Happy 150TH Birthday, Canada: 6 Tips on Teaching Tolerance
Oh Canada! I love you! I am especially appreciative of this great country in light of all the things happening in U.S. politics at the moment (don’t even get me started). We are very fortunate to live in a country that embraces diversity. We are not perfect, but we hold it as an ideal.
In Toronto, if you stop someone randomly on the street and ask them where they were born, it’s more likely they were born in a different country than Canada. That’s right – more than 50% of Torontonians are immigrants.
In Canada, we encourage people to embrace and celebrate their culture, their religion, and their sexual orientation. We not only encourage it, we legislate it! So what are you doing as leaders of your household to pass along a positive attitude to your children about diversity? After all, we know children are not born racist, sexist or homophobic. They are taught. So we have to teach acceptance and tolerance instead.
Here are some ideas to get the ball rolling:
- Be prepared with good answer for when you child asks questions like “why is that boy in a wheelchair? Or why is that girl’s skin brown? Why is that woman in a robe?”
- Answer accurately and with body language that reflects your positive attitude.
- Find daycares, camps or schools that are multicultural and diverse. Just having early childhood friends that are all very different is a great start to understanding diversity.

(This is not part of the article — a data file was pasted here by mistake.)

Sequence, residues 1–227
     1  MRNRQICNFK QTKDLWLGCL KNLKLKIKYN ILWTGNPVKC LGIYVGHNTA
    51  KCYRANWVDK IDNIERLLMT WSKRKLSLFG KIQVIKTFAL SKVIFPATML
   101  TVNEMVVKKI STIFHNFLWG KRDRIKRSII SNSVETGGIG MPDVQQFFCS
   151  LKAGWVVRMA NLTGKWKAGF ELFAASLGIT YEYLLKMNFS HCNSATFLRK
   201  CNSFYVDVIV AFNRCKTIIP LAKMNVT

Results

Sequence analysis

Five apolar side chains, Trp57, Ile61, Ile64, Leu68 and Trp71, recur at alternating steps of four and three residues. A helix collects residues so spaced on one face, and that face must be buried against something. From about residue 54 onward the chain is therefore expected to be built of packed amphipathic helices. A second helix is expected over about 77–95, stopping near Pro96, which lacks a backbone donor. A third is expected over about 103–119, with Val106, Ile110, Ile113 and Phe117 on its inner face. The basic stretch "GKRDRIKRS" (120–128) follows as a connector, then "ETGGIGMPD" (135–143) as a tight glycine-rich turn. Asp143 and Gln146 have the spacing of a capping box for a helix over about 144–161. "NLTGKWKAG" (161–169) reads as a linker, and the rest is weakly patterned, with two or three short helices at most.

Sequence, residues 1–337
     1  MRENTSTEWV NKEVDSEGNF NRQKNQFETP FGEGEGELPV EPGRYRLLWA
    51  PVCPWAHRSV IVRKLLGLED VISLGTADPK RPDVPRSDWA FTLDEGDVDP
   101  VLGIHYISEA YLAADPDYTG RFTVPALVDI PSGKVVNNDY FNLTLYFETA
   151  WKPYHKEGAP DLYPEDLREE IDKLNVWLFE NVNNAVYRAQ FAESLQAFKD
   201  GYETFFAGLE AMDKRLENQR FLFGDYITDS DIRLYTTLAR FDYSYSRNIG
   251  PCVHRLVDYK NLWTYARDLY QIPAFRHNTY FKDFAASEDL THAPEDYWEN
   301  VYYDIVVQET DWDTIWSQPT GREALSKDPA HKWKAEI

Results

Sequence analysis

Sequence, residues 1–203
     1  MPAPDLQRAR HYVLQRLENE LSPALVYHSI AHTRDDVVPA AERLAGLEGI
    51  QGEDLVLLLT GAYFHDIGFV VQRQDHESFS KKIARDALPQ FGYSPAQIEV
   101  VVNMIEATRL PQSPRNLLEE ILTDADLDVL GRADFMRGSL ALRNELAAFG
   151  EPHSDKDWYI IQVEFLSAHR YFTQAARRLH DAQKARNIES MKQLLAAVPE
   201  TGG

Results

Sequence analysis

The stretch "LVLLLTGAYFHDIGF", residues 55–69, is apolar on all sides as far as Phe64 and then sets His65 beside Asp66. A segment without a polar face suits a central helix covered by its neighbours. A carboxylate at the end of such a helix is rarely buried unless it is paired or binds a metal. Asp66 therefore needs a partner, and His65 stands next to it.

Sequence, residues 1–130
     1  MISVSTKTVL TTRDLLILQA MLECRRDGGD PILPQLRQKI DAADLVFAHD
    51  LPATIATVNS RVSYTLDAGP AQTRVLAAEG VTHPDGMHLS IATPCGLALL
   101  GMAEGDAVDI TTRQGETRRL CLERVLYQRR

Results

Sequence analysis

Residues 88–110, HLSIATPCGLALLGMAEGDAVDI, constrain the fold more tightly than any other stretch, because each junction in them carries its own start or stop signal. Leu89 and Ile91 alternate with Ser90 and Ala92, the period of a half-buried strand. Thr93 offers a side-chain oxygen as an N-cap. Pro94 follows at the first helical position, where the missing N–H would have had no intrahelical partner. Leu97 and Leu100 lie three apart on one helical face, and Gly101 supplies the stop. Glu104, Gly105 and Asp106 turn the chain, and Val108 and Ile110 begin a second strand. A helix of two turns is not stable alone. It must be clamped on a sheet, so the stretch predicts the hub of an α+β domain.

- Celebrate the diversity in your own family. Respect the difference in your children and show how people with different opinions, talents and desires can all co-operate and love one another.
- Challenge stereotypes when you see them in the media or you hear your child or their friends making remarks.
- Enjoy different foods from different cultures and celebrate some of their holidays: Eid, Cinco de Mayo, Passover and more. Share the stories that go along with these traditions.
- Have a strong sense of pride for your own family’s heritage and culture. A child’s positive self-image will go a long way in reducing any fears they may feel from others who are different from them.
- Walk the talk. I was in Washington just 3 days after the U.S. election and had the opportunity to talk with people about the results. I forced myself to really listen, with an open mind and curiosity, so I could best learn understand rather than pre-judge.
On July 1st and through out the summer, I hope you take to some time to enjoy this great country with such a diverse group of great people! If you are a one of my followers from outside of Canada, please come and visit – we will welcome you with open arms!